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Messages - aryeal
« on: July 08, 2005, 08:35:20 PM »
5-10 hours in a job you can walk away from may work out fine. For financial reasons, I kept my paralegal job and cut back to 20 hours. And, yes it hurt me grade-wise although I pretty much expected the result. In my line of work as the "case manager" I actually put in more than 20 hours monitoring my email and answering phone calls, etc.
This term we've restructured to the better. We hired a legal assistant who is a DOLL and really knows her stuff (we had a disaster working for us the first year). I can now unplug when I leave. Also, in the first year I had classes scheduled each day and had to work on top of going to class every day. I was left with the weekends only to study and was pretty much exhausted and stressed out. This fall I have class three days a week and I will spend two days at the office (plus two hours one morning before class).
Oh yeah, and I took out private loan money so I can cut back a couple hours a week if needed. Love it now, will hate it later!
The only reason I wasn't totally freaked at the propect of having less than stellar grades the first year is because I had my summer job lined up (continuing my present position full time). This would have been a serious situation had I been depending on my 1L grades for a summer internship.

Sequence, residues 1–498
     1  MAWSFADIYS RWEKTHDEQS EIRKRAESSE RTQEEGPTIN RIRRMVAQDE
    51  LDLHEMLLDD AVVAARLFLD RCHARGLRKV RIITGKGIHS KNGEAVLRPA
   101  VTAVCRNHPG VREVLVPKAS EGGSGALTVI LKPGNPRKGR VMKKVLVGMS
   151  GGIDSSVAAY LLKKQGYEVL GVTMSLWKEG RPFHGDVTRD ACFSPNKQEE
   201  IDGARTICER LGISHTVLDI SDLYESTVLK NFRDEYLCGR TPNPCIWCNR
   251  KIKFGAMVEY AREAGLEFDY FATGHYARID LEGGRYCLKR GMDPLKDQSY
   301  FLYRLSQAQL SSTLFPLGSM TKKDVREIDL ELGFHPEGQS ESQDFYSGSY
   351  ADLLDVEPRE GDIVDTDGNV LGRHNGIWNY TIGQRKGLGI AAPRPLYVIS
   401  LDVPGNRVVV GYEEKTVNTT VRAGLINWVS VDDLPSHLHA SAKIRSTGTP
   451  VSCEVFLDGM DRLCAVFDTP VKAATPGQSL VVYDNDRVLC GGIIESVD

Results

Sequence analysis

Give it a shot. You'll have a good idea a couple months in whether it's working and plenty of time to recoup any time you've lost. Good luck.
« on: July 08, 2005, 08:26:15 PM »
Again, thanks for the advice. Would you mind giving us/me a rough idea of how you ended up placing in your class and what type of school you go to (T1, 2, 3, or 4)?
T3 although I should qualify that by saying it dumped in the Tier system because it built a new law school and went through a phase of lowering admission standards to pay for the freakin' building. As a result, the bar passage rates sunk dismally.
I have no idea of my exact placement - didn't really want to go there LOL! I'd say in the middle of the pack.
Actually I should qualify my opinion on study aids with it depends on the person. I learn better by working with material on my own and teaching myself. Some people do fine with more use of study aids. I think the best approach is to try what feels right and see how the first batch of tests goes (assuming there are mini exams or mid-terms).
« on: July 08, 2005, 10:15:50 AM »